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How to Avoid Half-Cadence Video Simulations


Tue Dec 19 2017

How to Avoid Half-Cadence Video Simulations

The first time I immersed myself in a video-based simulation, I felt like something was off, uneasy,, or just plain awkward. For those musically inclined, it was like hearing a half cadence or a sequence of incomplete notes. These half-cadence simulations are a source of great frustration because simulations are meant to bring the learner as close as possible to the ideal behavior or skill. However, when you fail to use this principle as your guide, you risk impeding the flow of realistic dialogue and creating an assessment rather than a simulation. What’s more, while an assessment is effective, it lacks the learner engagement necessary to achieve comprehension and retention.

To help instructional designers avoid half-cadence simulations, designers should follow 13 key guidelines. (I've created this job aid based on my past failures!)


1. Identify the business goal of the simulation. For example, the goal may be to sell 20 more cars per salesperson this year.

2. Know what application-based learning objectives you want to satisfy with the simulation. For example, do you want to ask questions that uncover the buying motives of the customer?

3. Follow good application evaluation design guidelines:

  • Avoid using "all of the above" and "none of the above" options.

  • All responses must be plausible.

  • Don't use fill-in-the-blanks.

  • Spread correct answers through the response options.

  • Eliminate excessive verbiage.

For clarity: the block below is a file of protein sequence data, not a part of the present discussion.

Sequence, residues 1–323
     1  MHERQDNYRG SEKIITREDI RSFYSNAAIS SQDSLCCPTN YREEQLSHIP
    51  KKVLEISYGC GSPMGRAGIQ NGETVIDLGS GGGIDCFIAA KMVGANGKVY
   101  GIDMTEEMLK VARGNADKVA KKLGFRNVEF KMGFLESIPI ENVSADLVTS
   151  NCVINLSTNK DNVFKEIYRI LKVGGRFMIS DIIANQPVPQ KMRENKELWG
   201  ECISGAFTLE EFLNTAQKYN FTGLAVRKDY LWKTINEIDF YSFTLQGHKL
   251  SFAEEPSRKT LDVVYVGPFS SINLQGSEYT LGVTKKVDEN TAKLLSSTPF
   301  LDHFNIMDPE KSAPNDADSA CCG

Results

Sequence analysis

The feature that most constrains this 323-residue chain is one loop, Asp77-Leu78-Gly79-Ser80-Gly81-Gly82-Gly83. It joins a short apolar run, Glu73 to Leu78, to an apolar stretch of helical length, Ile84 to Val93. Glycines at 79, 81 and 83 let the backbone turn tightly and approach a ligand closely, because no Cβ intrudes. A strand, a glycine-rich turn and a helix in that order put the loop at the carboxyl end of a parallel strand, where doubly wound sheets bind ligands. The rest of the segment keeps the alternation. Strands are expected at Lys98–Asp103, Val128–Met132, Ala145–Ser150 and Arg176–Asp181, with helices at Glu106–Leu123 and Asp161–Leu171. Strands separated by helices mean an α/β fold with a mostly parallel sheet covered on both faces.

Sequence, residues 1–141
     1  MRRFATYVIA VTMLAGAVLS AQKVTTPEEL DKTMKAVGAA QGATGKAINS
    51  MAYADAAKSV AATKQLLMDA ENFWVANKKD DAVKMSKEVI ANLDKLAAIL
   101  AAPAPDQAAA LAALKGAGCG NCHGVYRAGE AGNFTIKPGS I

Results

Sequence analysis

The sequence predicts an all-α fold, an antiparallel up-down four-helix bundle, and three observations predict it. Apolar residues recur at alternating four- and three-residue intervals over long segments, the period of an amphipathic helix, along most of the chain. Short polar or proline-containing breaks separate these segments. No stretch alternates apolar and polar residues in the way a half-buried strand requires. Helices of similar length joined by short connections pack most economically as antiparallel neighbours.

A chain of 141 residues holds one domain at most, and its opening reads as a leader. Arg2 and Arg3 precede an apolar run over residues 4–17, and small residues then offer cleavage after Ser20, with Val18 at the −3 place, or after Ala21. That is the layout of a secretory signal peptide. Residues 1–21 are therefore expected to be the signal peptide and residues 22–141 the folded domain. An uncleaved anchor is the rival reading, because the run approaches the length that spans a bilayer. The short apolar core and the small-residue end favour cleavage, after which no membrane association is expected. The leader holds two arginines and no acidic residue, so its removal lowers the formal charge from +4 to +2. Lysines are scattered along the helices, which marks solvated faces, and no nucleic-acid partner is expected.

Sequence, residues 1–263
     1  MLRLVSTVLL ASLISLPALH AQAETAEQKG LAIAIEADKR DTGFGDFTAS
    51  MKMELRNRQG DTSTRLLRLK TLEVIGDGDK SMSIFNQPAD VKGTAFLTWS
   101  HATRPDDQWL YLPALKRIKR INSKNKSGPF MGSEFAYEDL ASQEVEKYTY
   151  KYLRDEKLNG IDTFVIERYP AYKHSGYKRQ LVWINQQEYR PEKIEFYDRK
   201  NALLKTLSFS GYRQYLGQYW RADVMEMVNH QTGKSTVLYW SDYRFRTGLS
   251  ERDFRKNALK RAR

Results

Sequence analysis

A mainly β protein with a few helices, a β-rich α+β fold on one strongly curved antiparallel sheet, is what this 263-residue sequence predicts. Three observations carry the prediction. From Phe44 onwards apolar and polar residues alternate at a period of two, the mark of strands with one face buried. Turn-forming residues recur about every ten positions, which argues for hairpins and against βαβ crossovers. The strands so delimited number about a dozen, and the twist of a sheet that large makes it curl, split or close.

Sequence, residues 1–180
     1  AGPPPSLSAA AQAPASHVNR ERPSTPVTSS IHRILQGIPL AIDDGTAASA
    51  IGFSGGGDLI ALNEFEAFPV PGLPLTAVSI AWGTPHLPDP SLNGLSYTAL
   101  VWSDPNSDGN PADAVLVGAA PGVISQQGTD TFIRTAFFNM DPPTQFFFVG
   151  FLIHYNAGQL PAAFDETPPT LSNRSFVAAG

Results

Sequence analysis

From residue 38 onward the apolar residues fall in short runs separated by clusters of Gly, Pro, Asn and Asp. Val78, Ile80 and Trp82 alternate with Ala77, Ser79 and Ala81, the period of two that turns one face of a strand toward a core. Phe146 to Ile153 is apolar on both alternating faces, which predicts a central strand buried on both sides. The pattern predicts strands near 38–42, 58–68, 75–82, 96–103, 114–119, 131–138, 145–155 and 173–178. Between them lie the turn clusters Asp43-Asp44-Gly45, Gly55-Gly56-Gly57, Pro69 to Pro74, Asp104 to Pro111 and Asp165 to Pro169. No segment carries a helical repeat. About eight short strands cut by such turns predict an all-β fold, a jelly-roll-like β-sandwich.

• Use at least three response options at each decision point.

4. Assess the learner for application not knowledge. For example, what should the sales rep say when the customer states they are looking for a minivan? Is it:

  • “OK, would you like a sunroof?”

  • “What will you be using the minivan for?”

  • “How many kids do you have?”

5. Have SMEs provide realistic details behind the simulation's story. Offer question prompts that provoke thought.


6. Ask SMEs for plausible wrong answers and performance gaps they would like to fill.

7. Make all dialogue short. Remember, Alfred Hitchcock said, a good story is “life, with the dull parts taken out.” You don’t have to tell the learner everything.

8. Use voice-over narration sparingly for instructions, decision-point prompts, and corrective feedback.

9. Provide corrective feedback for wrong answers only. Do not provide reinforcement feedback for correct answers.

10. Corrective feedback should be concise and offer the correct answer as dialogue to bridge to the next decision point. You also may choose to include "why" something is the correct response.


11. After the learner watches the videotaped response to his or her answer and receives corrective feedback, automatically advance to the next decision point. Avoid "Next" or "Submit" buttons.

12. Avoid short video responses like “yes” and “no,” as well as nonverbal communication from the on-screen actor. If there is no substantive response from the actor, move forward to the next decision point.

13. Read aloud with a partner for authenticity during your review process.

By no means, is this a complete list of guidelines. I invite you to add to it after you develop your next simulation. Let me know how it goes; I encourage feedback and enjoy learning from other’s successes and failures.

Want to learn more? Join me at ATD TechKnowledge 2018 for the session, “Anatomy of a Video-Based Simulation,” which is part of the Serious Games & Simulations track.

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